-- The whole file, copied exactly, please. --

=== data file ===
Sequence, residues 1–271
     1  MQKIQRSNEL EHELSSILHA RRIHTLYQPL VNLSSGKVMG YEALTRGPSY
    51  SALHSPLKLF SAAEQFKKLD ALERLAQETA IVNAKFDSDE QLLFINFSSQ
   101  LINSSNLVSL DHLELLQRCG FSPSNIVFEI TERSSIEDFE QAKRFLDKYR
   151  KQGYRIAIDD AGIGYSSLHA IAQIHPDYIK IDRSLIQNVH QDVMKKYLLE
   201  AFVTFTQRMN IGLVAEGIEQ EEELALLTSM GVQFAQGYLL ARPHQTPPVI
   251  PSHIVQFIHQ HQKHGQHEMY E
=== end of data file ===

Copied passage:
Sequence, residues 1–271
     1  MQKIQRSNEL EHELSSILHA RRIHTLYQPL VNLSSGKVMG YEALTRGPSY
    51  SALHSPLKLF SAAEQFKKLD ALERLAQETA IVNAKFDSDE QLLFINFSSQ
   101  LINSSNLVSL DHLELLQRCG FSPSNIVFEI TERSSIEDFE QAKRFLDKYR
   151  KQGYRIAIDD AGIGYSSLHA IAQIHPDYIK IDRSLIQNVH QDVMKKYLLE
   201  AFVTFTQRMN IGLVAEGIEQ EEELALLTSM GVQFAQGYLL ARPHQTPPVI
   251  PSHIVQFIHQ HQKHGQHEMY E